HOME
The Info List - Brush Electrical Machines


--- Advertisement ---



Brush Electrical Machines
Brush Electrical Machines
is a manufacturer of large generators for gas turbine and steam turbine drive applications, based at Loughborough
Loughborough
in Leicestershire, United Kingdom.

Contents

1 History 2 Aircraft manufacture 3 See also 4 Notes 5 References 6 External links

History[edit] In 1879, a company was established in Lambeth London, called the Anglo-American Brush Electric
Electric
Light Corporation. Its formation was to exploit the invention of Charles Francis Brush, who was born in Cleveland
Cleveland
Ohio
Ohio
in 1849 and who had invented his first electric dynamo in 1876. He founded a company called the American Brush Company, which stayed in business in the USA until about 1891. As the business grew in Lambeth due to the demand for new electrical apparatus, larger premises were required and the Anglo-American Brush Electric
Electric
Light Corporation moved 100 miles north to the Falcon Works at Loughborough in 1889. In 1914, the company began manufacturing Ljungstrom steam turbines under licence. Over the next sixty years the business grew by acquisitions until in 1957 the Brush companies were incorporated into the Hawker Siddeley Group under the new name of the Brush Electrical Engineering Company Limited. Within the Hawker Siddeley
Hawker Siddeley
Group the company manufactured a vast range of electrical products including; turbo-generators, salient pole machines, induction motors, traction motors and generators, traction locomotives, switchgear, transformers and fuses. In November 1991 Hawker Siddeley
Hawker Siddeley
Electric
Electric
Power Group was subject to a hostile takeover bid of £1.5 billion from BTR plc, the large engineering conglomerate. The bid was successful so the Brush companies then became part of the BTR organisation. The most recent change in Brush’s history occurred in November 1996 when the FKI Group of Companies acquired the Hawker Siddeley
Hawker Siddeley
Electric
Electric
Power Group from BTR for a price of £182 million. On 1 July 2008, Melrose plc
Melrose plc
completed the acquisition with FKI, Melrose being a specialist investor in the manufacturing industry, is now registered on the London Stock Exchange.[1] As stated on its website, "Melrose buys good manufacturing businesses with strong fundamentals whose performance can be improved. Melrose finances its acquisitions using a low level of leverage, improves the businesses by a mixture of investment and changed management focus, sells them and returns the proceeds to shareholders", and it seeks to improve returns to shareholders by working with divisional managers to help improve margins and generate sustainable cash flows and profitable growth.[2] The takeover and new management impacted morale, trust and employee engagement with the long-standing skilled workforce, with the result of relationships between management and trade unions remaining poor. There was a view amongst employees and the union, together with middle managers, that they were not being listened to following the changes in senior management arising from the takeover.[3] During the last 125 years, various Brush companies (Brush Switchgear, Brush Transformers, Brush Traction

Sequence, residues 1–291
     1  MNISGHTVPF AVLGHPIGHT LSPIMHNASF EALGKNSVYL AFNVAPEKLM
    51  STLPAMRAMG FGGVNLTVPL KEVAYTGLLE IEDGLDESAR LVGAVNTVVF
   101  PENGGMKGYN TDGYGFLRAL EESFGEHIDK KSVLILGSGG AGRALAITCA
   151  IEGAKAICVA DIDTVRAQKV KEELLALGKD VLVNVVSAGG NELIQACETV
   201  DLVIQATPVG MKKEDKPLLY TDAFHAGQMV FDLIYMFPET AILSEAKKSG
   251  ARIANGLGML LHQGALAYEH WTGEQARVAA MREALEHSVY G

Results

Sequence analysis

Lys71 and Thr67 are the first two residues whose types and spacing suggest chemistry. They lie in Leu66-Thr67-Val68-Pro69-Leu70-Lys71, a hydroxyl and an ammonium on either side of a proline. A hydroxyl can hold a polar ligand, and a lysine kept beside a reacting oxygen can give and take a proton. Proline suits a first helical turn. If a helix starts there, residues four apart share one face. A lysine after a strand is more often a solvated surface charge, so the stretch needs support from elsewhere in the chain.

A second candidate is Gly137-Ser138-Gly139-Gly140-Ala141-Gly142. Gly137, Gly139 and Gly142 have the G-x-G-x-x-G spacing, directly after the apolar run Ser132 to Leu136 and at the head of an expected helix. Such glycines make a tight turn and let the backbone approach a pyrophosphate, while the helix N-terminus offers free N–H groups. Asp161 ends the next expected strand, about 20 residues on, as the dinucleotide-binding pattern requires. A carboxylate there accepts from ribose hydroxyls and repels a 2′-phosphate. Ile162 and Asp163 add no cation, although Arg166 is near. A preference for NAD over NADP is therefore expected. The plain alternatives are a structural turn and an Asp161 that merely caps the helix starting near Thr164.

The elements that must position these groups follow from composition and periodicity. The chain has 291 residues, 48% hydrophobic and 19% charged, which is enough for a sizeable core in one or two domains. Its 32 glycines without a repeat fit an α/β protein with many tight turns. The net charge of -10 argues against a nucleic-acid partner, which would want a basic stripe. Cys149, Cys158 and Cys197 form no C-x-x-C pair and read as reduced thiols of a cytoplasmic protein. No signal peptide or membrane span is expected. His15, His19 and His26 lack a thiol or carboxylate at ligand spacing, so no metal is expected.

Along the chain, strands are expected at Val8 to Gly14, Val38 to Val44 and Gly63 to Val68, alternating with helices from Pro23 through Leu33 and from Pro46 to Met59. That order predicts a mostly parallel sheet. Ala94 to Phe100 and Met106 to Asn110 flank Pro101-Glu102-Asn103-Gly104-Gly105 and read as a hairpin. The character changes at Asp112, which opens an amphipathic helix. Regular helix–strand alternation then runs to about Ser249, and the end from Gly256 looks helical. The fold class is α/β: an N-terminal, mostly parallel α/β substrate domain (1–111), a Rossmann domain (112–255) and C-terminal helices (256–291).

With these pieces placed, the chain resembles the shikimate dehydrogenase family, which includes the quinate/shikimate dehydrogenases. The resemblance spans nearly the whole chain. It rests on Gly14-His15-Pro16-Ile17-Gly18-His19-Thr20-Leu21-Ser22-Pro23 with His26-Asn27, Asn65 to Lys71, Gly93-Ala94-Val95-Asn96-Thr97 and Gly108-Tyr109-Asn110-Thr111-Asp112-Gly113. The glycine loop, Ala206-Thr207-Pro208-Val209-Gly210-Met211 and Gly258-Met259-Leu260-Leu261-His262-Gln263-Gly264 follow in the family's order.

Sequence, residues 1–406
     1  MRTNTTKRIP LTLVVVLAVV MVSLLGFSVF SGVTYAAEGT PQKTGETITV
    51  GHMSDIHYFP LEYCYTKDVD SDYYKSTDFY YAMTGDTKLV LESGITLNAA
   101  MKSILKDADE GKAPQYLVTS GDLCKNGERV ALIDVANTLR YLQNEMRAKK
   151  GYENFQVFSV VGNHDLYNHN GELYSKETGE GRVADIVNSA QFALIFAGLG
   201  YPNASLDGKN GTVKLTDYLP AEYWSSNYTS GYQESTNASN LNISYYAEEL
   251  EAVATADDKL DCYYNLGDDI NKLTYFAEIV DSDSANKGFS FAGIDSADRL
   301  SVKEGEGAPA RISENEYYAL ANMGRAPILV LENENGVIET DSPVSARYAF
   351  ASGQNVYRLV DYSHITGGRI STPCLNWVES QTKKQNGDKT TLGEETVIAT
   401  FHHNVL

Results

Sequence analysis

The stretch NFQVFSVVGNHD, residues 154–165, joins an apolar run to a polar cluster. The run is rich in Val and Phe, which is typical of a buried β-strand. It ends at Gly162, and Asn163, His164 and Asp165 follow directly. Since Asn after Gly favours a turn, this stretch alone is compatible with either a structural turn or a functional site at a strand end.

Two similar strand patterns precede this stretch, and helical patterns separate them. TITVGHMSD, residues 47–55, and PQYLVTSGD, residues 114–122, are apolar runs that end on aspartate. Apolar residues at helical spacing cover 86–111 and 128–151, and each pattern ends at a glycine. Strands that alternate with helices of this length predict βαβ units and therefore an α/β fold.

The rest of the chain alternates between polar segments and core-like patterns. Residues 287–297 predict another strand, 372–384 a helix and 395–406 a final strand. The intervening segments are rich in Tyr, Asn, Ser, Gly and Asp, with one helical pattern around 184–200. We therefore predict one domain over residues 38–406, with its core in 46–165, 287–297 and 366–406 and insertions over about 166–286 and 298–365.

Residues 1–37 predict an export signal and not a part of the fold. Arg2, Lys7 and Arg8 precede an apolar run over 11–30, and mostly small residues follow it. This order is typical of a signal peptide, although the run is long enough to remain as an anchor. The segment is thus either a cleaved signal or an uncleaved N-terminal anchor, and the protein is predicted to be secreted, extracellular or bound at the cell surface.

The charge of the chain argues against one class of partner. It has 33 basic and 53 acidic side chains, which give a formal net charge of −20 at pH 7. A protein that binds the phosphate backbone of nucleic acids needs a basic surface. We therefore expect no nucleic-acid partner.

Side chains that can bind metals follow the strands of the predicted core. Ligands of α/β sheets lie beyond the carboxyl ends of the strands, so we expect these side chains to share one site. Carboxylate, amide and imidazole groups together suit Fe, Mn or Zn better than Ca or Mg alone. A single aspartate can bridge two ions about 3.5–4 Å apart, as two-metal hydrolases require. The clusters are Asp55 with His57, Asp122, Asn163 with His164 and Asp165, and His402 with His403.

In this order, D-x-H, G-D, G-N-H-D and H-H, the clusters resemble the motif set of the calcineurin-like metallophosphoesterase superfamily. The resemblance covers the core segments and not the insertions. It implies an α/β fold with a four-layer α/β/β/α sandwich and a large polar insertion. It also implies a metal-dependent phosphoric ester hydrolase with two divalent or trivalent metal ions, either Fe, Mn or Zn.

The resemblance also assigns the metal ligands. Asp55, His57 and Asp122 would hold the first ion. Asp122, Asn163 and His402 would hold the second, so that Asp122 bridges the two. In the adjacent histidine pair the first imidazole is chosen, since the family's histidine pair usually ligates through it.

Brush Traction
and Brush Control Gear) have existed on the Falcon Works site, but throughout this period Brush Electrical Machines Ltd manufacturing generators and motors has always been the largest company. Over 5,000 staff were employed on the site during the 1960s and 70s; today there are approximately 720 staff, 450 of which are direct production personnel. The following products are manufactured at the Loughborough
Loughborough
facility: Air-cooled turbogenerator in the range of 20 to 225MVA, Turbomotors from 10 to 100MW and the associated control equipment each. Aircraft manufacture[edit] In 1915, Brush Electrical were one of a number of companies outside the established aviation contractors selected by the Royal Navy
Royal Navy
to receive orders for aircraft to meet the expanding needs of the Royal Naval Air Service. Brush completed 650 aircraft by the end of 1919, including 400 Avro 504s and 142 Short Type 184s. It also built de Havilland Dragon Rapides during the Second World War, taking over production from de Havilland in 1943 and building 346 aircraft (47.5% of the total number produced) by the time production ended in 1945.[4][5] See also[edit]

Brush Traction Brush Transformers Associated British Oil Engine Company

Notes[edit]

^ "Melrose Plc-History". Archived from the original on 11 May 2009.  ^ "Melrose Plc-Strategy".  ^ "Case Study– Brush Electrical Machines
Brush Electrical Machines
(BEM) Ltd" (PDF).  ^ Robertson 1970, pp. 396–398. ^ Jackson 1987, p. 366.

References[edit]

This article needs additional citations for verification. Please help improve this article by adding citations to reliable sources. Unsourced material may be challenged and removed. (March 2008) (Learn how and when to remove this template message)

Jackson, A. J. De Havilland
De Havilland
Aircraft since 1909. London: Putnam, Third edition, 1987. ISBN 0-85177-802-X. Robertson, Bruce. "Brush-built Aircraft, 1915-1919". Air Pictorial, November 1970, Vol. 32 No. 11. pp. 396–398.

1.Company website "About Us", Operational sites 2.Companies House External links[edit]

Brush Electrical Machines
Brush Electrical Machines
website Clippings about Brush Electrical Machines
Brush Electrical Machines
in the 20th Century Press Archives of the German National Library of Economics
German National Library of Economics
(ZBW). [1] Collection of historical documents/photographs on the origins of Brush companies in USA and UK

v t e

Melrose Industries

Current

Brush Electrical Machines Brush Transformers Brush Turbogenerators FKI Hawker Siddeley
Hawker Siddeley
Switchgear

Former

Brush-Barc

.